An assailant threw a Molotov cocktail — a bomb that consists of a bottle filled with flammable liquid — at Sweden’s embassy in Beirut, causing no casualties, Stockholm’s foreign minister and a diplomatic source said on Thursday, amid anger over recent incidents of the Holy Quran’s desecration.

“We confirm that there was a Molotov cocktail thrown at the facade of our embassy last evening, which did not explode,” a diplomatic source at the embassy said, requesting anonymity as they were not authorised to talk to the media.

The “perpetrator managed to run away”, the source added.

Tensions have flared between Sweden and Muslim countries following several protests involving public desecrations of the Holy Quran in Stockholm — including setting pages alight.

Multi-confessional Lebanon saw protests at mosques, while the head of the powerful pro-Iran Muslim group Hezbollah has called for the Swedish ambassador to be expelled.

Lebanese security forces had bolstered measures around the embassy in downtown Beirut for fear of attacks.

Swedish Foreign Minister Tobias Billstrom said “it was sheer luck that no one was injured” in Wednesday’s attack and that staff were safe.

“The incident is currently being investigated,” he said in a statement on Thursday, noting that “Lebanese authorities have an obligation under the Vienna Convention to protect diplomatic missions”.

Late last month, two Iraqi men set a copy of the Holy Quran alight outside the Swedish parliament in Stockholm, in an act similar to others in recent weeks that had drawn widespread condemnation.

Salwan Momika and Salwan Najem stomped on the holy book, set its pages ablaze before slamming it shut, as they did at a protest outside Stockholm’s main mosque in June.

The duo also staged a similar protest outside Iraq’s embassy in the Swedish capital on July 20, where they stomped on the religious text.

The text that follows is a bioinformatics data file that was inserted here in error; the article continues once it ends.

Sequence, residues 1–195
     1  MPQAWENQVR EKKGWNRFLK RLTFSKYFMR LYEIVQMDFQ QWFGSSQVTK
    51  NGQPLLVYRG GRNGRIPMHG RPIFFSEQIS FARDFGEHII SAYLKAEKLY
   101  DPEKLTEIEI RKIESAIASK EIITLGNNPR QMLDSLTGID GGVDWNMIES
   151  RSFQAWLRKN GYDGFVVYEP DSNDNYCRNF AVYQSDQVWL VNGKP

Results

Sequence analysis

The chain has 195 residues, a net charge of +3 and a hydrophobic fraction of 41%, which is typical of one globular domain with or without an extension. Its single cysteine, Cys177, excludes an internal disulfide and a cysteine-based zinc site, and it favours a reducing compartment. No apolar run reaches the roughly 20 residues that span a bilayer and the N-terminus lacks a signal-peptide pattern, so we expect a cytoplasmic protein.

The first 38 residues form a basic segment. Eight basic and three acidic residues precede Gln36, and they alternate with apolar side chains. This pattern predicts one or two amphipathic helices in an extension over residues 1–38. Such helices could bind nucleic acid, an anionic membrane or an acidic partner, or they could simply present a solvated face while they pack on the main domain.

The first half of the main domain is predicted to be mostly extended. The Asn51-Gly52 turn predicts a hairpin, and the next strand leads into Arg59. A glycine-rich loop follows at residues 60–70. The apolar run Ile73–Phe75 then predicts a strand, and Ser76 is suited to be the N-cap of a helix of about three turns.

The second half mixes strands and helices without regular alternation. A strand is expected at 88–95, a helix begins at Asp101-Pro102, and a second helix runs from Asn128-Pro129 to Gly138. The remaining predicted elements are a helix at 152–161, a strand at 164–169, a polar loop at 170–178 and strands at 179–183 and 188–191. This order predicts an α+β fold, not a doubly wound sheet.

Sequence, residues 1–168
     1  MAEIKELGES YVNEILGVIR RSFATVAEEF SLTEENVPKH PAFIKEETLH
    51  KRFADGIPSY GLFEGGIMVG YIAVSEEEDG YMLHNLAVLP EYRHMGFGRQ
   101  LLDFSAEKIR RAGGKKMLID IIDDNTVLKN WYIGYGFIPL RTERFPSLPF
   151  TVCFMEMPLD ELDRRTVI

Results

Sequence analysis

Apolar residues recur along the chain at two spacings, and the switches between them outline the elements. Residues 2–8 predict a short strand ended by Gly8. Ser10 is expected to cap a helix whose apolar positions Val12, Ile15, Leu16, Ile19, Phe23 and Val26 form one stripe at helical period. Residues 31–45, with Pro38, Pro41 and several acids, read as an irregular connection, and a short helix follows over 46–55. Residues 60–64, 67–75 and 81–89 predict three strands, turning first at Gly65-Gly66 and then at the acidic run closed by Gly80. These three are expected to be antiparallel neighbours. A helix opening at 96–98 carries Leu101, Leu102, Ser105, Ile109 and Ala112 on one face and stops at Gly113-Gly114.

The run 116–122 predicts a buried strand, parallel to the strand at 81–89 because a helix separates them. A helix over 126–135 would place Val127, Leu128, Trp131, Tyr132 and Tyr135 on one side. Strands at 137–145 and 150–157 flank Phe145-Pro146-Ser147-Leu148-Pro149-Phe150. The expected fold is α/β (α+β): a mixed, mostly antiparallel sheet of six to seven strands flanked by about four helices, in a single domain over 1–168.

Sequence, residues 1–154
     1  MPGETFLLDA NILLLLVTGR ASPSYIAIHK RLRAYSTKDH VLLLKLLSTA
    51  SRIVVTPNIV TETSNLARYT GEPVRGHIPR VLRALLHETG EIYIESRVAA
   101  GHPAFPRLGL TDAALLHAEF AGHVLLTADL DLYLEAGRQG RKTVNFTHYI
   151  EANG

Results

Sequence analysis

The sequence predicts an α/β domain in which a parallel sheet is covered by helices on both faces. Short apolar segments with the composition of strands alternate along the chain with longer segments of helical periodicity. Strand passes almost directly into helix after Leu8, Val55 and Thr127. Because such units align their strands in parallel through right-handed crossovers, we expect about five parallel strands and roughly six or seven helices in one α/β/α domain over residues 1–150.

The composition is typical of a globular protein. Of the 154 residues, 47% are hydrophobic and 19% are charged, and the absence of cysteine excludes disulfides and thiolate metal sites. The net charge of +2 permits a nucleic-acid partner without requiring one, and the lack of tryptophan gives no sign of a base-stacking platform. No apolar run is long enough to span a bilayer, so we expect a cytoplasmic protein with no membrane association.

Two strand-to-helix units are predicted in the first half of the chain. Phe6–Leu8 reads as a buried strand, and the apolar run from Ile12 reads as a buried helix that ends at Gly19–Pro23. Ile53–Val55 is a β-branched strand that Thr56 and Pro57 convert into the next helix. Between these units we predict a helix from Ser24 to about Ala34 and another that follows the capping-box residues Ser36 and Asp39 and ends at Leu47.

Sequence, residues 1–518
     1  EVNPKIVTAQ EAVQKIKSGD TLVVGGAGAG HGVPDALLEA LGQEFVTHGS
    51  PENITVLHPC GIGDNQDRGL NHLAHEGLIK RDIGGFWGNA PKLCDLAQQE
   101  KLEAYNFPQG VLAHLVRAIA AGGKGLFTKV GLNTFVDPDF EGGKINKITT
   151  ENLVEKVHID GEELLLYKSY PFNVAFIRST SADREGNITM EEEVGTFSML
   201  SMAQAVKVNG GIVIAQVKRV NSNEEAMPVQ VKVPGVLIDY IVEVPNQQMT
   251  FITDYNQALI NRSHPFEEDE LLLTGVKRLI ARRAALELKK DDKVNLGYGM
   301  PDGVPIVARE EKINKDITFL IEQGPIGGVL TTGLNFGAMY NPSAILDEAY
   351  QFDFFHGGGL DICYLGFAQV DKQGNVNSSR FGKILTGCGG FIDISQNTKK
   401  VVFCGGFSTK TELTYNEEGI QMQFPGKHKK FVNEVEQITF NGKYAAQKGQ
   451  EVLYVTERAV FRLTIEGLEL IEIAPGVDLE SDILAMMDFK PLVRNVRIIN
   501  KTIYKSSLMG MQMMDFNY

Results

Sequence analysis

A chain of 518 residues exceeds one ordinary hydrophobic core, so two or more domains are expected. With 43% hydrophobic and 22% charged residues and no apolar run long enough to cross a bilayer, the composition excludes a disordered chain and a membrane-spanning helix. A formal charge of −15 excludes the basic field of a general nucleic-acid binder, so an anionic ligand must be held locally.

The incidents have drawn strong reactions across the Muslim world, with several nations, including Pakistan, condemning the acts at international forums.

In July, the United Nations Human Rights Council approved a resolution on religious hatred, which was introduced by Pakistan on behalf of the 57-nation Organisation of Islamic Cooperation. The resolution called for the UN rights chief to publish a report on religious hatred and for states to review their laws and plug gaps that may “impede the prevention and prosecution of acts and advocacy of religious hatred”.

The same month, the UN General Assembly adopted, by consensus, a Moroccan resolution, co-sponsored by Pakistan, calling for countering hate speech and strongly deploring attacks against places of worship, religious symbols and holy books.

The resolution, titled ‘Promoting interreligious and intercultural dialogue and tolerance in countering hate speech’, won the approval of the 193-member assembly and stated: “Strongly deploring all acts of violence against persons on the basis of their religion or belief, as well as any such acts directed against their religious symbols, holy books, homes, businesses, properties, schools, cultural centres or places of worship, as well as all attacks on and in religious places, sites and shrines in violation of international law.”

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